If you’re across the Atlantic or couldn’t get to RSA, we’re bringing RSA to you via Facebook Live.
In his presentation, Sophos product management director Russell Humphries talks about how machine learning will change the battle against malware. And, find out how we are bringing machine learning into the fold with our plans to acquire Invincea.
SophosLabs has released a malware forecast to coincide with the start of RSA Conference 2017.
Typically, our research papers focus on Windows, which has traditionally been the largest battleground. While some of the report does indeed look at Microsoft-specific challenges, we decided to focus more on the increasing malware threats directed at platforms where the risks are often not as well understood, specifically Linux, MacOS and Android devices.
Working day in day out with IT departments around the world to keep cyber attacks at bay, we at Sophos understand what worries them about the ever-changing threat landscape, the effect a malware infection could have on the running of the business and the work the departments do to keep their businesses ticking over.
But, it is consumers who are the most susceptible to malware, ransomware and other cyberattacks. Without an up-to-date knowledge of the cyber security industry or the benefit of an IT department quietly looking after their backs, the role of ‘IT support’ often falls to the one person who holds the most knowledge. However, that person might not have the time, possess the self-assurance or even the know-how to look after a whole ‘family and friends’ network of computers.
In 2016 alone, hackers have taken over $1 Billion in the form of ransoms from users trying to retrieve their files after being infected with ransomware.
Ransomware is the most successful malware attack today. It works by locking up your files and crippling your systems until you’ve handed over money.
And, one of the biggest problems in the fight against ransomware is the constantly reinvented attacks. Cybercriminals are finding new methods of spreading the malware, evading detection and even developing ransomware that deletes itself as soon as files are encrypted so that even IT security teams are unable to uncover what variant is on the system.
Exploits are one of the key methods attackers use to spread malware. They take advantage of the vulnerabilities in genuine software products to deliver their chosen flavor of malware on to your system.
This is where the signatureless exploit prevention technology in Intercept X excels. Instead of poring over a vast bank of malware samples, it concentrates on the relatively small number of techniques used to by the attackers to exploit the vulnerabilities; fending off attacks before they even get started.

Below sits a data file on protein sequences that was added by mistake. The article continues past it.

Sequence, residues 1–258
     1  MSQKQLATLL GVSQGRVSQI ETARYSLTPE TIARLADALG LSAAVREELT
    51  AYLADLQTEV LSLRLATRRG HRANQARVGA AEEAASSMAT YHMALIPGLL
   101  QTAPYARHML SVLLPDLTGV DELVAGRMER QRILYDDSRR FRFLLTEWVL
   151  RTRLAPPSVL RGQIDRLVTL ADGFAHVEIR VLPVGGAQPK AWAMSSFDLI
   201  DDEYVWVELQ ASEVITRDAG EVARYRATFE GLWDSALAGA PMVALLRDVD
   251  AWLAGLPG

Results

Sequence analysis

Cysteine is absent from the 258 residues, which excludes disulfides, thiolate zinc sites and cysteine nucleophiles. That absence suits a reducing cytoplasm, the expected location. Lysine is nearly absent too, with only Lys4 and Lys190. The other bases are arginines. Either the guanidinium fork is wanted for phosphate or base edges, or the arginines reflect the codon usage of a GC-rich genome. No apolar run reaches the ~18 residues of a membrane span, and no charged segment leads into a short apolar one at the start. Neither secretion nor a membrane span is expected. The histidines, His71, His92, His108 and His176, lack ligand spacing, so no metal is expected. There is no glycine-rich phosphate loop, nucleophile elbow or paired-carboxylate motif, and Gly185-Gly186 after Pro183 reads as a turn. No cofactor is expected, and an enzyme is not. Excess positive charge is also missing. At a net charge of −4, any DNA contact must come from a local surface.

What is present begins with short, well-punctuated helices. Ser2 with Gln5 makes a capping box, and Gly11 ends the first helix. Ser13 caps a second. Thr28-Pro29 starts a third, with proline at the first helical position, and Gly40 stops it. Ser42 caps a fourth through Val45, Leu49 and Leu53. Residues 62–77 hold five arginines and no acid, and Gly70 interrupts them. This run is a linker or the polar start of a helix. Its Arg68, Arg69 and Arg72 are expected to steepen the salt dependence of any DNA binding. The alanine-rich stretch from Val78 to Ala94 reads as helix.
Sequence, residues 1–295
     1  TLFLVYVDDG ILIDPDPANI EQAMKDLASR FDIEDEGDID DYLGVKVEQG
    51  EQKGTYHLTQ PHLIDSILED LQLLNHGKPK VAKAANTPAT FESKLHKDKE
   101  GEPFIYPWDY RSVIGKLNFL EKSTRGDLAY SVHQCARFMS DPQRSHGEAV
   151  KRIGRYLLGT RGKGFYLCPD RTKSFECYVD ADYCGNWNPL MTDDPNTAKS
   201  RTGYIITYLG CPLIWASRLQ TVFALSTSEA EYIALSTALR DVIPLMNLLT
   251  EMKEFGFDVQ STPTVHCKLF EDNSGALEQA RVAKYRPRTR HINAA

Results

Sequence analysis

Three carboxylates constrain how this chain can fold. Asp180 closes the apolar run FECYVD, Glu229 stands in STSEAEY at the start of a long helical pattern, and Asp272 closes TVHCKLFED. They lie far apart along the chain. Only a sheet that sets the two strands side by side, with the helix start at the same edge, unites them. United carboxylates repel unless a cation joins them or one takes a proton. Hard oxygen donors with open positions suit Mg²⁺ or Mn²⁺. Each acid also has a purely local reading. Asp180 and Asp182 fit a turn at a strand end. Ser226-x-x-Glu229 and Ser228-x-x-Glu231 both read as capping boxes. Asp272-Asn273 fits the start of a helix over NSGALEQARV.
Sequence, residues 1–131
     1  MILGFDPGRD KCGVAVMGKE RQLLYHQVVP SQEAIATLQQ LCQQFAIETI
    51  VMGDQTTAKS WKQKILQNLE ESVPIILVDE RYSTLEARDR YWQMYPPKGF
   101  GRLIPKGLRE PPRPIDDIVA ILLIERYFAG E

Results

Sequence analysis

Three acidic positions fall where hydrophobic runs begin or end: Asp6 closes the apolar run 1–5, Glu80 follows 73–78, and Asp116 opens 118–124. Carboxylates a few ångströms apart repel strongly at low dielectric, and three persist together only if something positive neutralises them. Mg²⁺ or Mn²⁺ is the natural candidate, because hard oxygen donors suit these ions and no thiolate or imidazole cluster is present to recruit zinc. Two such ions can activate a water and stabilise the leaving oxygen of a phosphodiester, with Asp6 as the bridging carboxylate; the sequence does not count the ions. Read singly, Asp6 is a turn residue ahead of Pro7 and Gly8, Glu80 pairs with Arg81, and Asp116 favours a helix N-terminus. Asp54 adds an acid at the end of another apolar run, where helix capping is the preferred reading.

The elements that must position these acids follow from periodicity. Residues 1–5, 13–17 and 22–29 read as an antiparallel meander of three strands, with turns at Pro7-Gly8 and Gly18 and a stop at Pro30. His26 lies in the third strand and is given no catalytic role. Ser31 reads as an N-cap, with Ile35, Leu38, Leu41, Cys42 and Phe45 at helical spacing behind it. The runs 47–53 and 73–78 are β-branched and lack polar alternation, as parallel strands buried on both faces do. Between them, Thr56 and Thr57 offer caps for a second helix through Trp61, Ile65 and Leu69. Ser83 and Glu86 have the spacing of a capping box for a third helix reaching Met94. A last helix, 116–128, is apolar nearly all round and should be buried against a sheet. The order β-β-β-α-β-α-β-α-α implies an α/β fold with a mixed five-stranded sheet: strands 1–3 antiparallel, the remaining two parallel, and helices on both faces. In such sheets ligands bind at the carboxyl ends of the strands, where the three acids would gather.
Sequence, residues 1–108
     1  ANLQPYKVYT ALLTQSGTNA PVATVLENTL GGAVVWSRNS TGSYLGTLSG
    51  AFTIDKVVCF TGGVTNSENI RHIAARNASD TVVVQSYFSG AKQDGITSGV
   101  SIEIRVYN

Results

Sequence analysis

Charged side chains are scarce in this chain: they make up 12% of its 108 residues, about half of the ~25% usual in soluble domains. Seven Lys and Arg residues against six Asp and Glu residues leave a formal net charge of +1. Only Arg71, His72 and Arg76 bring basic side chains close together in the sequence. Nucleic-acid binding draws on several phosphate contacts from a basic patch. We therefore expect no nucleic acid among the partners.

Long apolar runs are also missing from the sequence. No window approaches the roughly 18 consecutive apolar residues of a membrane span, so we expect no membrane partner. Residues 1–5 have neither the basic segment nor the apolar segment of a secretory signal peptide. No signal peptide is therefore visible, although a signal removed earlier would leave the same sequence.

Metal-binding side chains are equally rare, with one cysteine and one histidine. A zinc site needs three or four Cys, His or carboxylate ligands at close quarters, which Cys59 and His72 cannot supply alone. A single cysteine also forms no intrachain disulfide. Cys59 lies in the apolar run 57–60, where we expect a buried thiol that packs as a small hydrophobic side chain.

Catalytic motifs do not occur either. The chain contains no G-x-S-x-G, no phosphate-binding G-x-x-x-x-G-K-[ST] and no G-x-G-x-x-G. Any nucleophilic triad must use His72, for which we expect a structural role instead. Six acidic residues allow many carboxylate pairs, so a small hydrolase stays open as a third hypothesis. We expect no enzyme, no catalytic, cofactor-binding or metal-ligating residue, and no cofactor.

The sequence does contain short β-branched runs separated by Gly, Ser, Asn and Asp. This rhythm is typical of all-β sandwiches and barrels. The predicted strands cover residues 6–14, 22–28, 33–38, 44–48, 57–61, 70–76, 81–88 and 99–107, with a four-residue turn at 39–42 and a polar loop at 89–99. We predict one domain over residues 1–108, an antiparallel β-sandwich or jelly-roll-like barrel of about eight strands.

They say you never get a second chance to make a first impression, but with the Sophos Web Appliance 184.108.40.206, we’re offering our customers a second 30-day trial of Sophos Sandstorm.
Try Sandstorm for a second time to see the value it can bring to your defenses against Ransomware, Advanced Persistent Threats (APTs) and unknown malware.
SWA 220.127.116.11 (now available) resets the Sandstorm trial state so that customers who have previously tried Sandstorm can run another trial to try out the great new features introduced in version 4.3. Continue reading
The online game of the moment is Pokémon GO, a mobile phone app that became so popular so quickly that its availability was limited outside the USA in order to stop the game servers being overloaded.
But what about everyone outside the US who wants to join in the fun?
On iOS, there’s not a lot you can do to install apps from alternative markets, because Apple only officially supports the App Store for downloads.
On Android, however, there’s an option called “Allow apps from untrusted sources” that opens up your phone to software from anywhere, not just Google Play.
So, millions of people all over the world are deliberately lowering their Android security settings to pirate Pokémon GO from unofficial download sites.
Is it safe to do this?
After all, millions of people have already pirated the app, apparently without anything bad happening, so surely the many millions who follow the crowd will be OK, too?